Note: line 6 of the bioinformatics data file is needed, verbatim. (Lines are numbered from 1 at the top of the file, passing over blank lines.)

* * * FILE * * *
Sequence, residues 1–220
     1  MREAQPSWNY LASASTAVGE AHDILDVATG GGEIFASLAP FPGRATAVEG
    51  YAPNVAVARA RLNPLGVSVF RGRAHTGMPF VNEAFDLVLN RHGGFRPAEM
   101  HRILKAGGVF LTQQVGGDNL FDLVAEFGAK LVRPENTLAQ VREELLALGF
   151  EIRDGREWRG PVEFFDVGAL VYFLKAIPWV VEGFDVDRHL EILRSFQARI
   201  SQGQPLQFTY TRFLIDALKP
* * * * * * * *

   201  SQGQPLQFTY TRFLIDALKP